Although the court absolutely refused to allow Wertham direct access to Ethel Rosenberg, it gave him permission to testify in federal court under oath about her mental condition. Not only did this order deny Rosenberg due process, it created the paradoxical situation of permitting Wertham to testify about the mental condition of a patient whom he was not allowed to examine. Using Bloch as an intermediary and relying on second-hand information, Wertham not only accepted these limitations, but also braved a vicious and often improper cross-examination. Nevertheless, his understanding of the condition "prison psychosis" and his humanitarian concern for Rosenberg's health made his testimony compelling. Within a few days Washington reversed itself and moved Julius Rosenberg to Sing Sing where husband and wife would be allowed to visit each other regularly. Moreover, Wertham was brought in to deal with the Rosenberg children, Michael and Robert, whom he advised and whose adoption by the Meeropol family he helped to make successful.

It was precisely Wertham's reputation for fearlessness and integrity that encouraged Senator Estes Kefauver to appoint him sole psychiatric consultant to the Senate Subcommittee for the Study of Organized Crime (1950). Not only did Wertham bring his expertise as a forensic psychiatrist to Kefauver's committee, but his experience in dealing with New York crime and governmental institutions made his observations particularly trenchant. The role organized crime played in American society was one that engendered fear, revulsion, cynicism, respect, and even admiration, especially for the way in which violent crime could be of service to politics. These televised hearings drew national attention, revealing the influence television had in shaping public opinion, and set the stage for the Senate Subcommittee to Investigate Juvenile Delinquency (1953-1956), which explored how juvenile delinquency led to adult crime.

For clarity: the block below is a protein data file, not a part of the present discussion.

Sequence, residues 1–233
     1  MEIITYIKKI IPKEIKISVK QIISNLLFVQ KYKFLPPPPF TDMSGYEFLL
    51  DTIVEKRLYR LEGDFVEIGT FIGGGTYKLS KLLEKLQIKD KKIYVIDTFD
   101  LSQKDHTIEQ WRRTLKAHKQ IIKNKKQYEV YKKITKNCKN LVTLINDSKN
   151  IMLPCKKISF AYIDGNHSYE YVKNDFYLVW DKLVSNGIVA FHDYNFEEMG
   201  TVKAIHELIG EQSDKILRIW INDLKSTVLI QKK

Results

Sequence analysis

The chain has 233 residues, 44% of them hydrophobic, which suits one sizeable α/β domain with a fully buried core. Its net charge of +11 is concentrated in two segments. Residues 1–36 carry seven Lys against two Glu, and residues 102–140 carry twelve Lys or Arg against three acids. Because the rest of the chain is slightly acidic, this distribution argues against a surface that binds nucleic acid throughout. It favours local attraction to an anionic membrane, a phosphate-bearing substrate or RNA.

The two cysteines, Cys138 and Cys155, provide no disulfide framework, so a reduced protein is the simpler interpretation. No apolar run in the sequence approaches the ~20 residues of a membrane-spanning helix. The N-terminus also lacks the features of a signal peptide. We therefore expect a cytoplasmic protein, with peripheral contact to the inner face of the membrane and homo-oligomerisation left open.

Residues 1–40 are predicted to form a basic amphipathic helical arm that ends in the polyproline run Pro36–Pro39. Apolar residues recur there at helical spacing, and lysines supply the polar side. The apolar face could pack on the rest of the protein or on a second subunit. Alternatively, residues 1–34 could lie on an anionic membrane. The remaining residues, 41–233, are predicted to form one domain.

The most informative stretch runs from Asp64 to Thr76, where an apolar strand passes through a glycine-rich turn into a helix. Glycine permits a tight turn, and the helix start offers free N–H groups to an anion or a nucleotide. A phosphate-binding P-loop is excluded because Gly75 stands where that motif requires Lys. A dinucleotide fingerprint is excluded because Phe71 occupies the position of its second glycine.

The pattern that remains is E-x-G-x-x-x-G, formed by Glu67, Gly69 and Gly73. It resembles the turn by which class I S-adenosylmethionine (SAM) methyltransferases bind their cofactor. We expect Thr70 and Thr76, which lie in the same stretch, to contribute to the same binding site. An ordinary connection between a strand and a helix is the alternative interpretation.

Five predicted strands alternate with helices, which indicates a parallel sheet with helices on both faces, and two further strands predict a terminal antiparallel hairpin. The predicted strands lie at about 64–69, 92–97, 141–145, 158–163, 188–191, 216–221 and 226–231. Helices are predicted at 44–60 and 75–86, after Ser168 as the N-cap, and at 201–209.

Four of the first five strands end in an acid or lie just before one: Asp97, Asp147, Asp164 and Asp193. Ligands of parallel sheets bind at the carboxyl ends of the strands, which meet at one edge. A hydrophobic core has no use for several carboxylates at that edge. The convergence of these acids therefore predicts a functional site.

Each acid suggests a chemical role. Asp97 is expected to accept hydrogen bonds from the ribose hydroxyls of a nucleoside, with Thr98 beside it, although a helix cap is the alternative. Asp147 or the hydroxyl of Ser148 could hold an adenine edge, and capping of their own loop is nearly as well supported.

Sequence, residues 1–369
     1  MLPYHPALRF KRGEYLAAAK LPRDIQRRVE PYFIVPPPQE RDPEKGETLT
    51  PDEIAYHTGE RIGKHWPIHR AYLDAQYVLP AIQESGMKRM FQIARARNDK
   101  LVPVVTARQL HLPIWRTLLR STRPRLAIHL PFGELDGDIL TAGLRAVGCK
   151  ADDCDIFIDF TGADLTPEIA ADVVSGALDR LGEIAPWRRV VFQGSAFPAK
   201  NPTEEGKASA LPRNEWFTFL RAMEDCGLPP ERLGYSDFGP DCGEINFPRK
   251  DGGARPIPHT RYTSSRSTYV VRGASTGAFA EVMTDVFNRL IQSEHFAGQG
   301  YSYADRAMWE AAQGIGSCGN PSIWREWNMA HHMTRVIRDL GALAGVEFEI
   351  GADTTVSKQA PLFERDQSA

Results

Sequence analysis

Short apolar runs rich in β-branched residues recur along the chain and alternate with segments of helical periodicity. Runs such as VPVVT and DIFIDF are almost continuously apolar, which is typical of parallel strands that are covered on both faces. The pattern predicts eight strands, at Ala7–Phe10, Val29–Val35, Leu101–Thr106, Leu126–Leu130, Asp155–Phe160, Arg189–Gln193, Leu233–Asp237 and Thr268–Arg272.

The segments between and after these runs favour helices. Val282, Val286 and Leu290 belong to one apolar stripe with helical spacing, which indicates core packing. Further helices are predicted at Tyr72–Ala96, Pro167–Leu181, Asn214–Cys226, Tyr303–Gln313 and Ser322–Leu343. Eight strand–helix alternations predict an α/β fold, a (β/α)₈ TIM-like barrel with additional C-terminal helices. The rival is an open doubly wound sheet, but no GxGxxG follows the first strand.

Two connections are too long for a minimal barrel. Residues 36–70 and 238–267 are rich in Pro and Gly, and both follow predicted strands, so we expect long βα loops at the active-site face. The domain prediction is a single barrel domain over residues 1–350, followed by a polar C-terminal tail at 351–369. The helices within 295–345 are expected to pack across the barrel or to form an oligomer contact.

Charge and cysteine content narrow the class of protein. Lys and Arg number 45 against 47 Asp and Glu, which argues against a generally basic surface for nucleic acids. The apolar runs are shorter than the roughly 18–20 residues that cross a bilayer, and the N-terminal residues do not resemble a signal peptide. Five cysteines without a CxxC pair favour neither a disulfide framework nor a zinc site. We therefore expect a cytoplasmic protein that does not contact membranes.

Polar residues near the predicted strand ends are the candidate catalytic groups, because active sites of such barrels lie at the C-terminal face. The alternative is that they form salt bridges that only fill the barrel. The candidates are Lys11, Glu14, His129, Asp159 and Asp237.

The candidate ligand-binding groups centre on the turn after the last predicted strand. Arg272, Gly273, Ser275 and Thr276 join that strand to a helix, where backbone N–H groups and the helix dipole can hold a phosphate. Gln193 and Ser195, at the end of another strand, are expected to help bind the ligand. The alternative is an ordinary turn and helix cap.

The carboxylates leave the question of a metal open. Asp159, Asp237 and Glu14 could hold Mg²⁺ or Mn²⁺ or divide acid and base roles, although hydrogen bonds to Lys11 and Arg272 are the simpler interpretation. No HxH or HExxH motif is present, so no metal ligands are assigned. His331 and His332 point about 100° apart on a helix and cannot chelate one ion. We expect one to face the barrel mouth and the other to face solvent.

A major theme of the investigation into juvenile delinquency was the impact the mass media exerted on youth and on a separate emerging youth culture. Wertham, who had published a series of articles and given lectures describing his research on the unhealthful effects of mass media violence, decided his work merited a book-length study aimed at the general public. In Seduction of the Innocent (1954) Wertham sets out his argument on the connection between the rise of juvenile delinquency and the role of crime comic books in promoting violent activity. The brutal and sadistic activity in these comics created a culture of violence and a coarsening of society. Such comic books routinely featured mutilation, gore, branding, blind-ing—so prominent as to receive its own classification of "eyemotif"—racism, bigotry, and especially, crude, sexual exploitation of women. Wertham testified that these comics, so attractive and easily available to children, exploited them and harmed their development; he concluded that access to violent comics for children under fourteen years of age must be controlled. Although Wertham was maligned as a censor—a charge he vigorously denied—his work did stimulate the comic book industry to adopt a code labeling the suitability of each comic book published (The Code of the Comics Magazine Association of America, October 26, 1954).